Why can't I use an IAM role for the service account in my Amazon EKS pod?

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I try to use an AWS Identity and Access Management (IAM) role for a service account. My Amazon Elastic Kubernetes Service (Amazon EKS) pod fails to assume the assigned IAM role with an authorization error. Or, my pod tries to use the default IAM role assigned to the Amazon EKS node instead of the IAM role assigned to my pod.

Resolution

Note: If you receive errors when you run AWS Command Line Interface (AWS CLI) commands, then see Troubleshoot AWS CLI errors. Also, make sure that you're using the most recent AWS CLI version.

Verify that you have an IAM OIDC identity provider for your Amazon EKS cluster

Create an IAM OIDC provider for your cluster, if you don't already have one. You must have an OIDC identity provider for your cluster to use an IAM role for your service account.

Then, verify that the OIDC identity provider is configured correctly:

  1. Open the IAM console. From the navigation pane, choose Identity providers.
  2. In the Provider column, identify and note the OIDC provider URL.
  3. In a separate tab or window, open the Amazon EKS console. Then, choose Clusters from the navigation pane.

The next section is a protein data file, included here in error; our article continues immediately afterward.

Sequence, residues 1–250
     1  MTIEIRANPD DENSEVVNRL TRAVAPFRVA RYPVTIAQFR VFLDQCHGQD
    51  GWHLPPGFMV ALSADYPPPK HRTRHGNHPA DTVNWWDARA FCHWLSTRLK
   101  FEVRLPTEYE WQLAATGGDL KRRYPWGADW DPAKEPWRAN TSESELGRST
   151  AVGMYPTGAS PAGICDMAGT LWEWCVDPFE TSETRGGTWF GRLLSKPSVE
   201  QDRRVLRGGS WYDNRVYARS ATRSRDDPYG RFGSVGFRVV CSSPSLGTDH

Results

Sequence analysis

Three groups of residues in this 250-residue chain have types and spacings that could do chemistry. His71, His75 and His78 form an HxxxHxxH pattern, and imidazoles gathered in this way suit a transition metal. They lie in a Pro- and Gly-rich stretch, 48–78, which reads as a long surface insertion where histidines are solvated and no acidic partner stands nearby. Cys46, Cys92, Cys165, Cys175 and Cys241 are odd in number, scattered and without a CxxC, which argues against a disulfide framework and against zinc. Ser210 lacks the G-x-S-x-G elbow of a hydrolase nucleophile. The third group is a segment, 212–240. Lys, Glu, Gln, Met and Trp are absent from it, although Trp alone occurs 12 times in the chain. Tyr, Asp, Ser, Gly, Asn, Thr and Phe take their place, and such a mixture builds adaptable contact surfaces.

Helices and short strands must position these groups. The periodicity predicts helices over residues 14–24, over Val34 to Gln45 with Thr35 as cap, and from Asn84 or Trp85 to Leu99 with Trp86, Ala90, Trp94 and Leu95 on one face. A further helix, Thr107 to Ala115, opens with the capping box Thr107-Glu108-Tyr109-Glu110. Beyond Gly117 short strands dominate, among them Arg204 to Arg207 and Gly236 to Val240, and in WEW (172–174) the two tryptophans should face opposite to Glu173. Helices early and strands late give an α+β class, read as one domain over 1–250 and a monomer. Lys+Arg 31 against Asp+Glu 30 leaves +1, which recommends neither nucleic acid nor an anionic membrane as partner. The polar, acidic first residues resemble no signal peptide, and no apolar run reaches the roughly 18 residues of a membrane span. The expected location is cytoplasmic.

4. Choose your cluster, and then choose the Configuration tab.
  5. In the Details section, note the value of the OpenID Connect provider URL property.
  6. Verify that the OIDC provider URL from the Amazon EKS console (step 5) matches the OIDC provider URL from the IAM console (step 2).
    If the OIDC provider URL for your Amazon EKS cluster doesn't match any of the OIDC provider URLs in the IAM console, then you must create a new IAM OIDC provider.

Validate your IAM role policies and trust policy configuration

Your IAM role might not have the full range of permissions needed. Your IAM role's trust relationship policy could also have syntax errors, if you created your IAM role with the AWS Management Console or AWS CLI.

To validate your IAM role policies and check for syntax errors in your trust policy, do the following:

  1. Open the IAM console.
  2. In the navigation pane, choose Roles, and then choose your role.
  3. Choose the Permissions tab on your role's page, and then verify that all your required permissions are assigned to the role.
  4. Choose the Trust Relationships tab, and then choose Edit trust relationship.
  5. In the policy document for your trust relationship, verify that the format of your policy matches the format of the following JSON policy:
    {
      "Version": "2012-10-17",
      "Statement": [
        {
          "Effect": "Allow",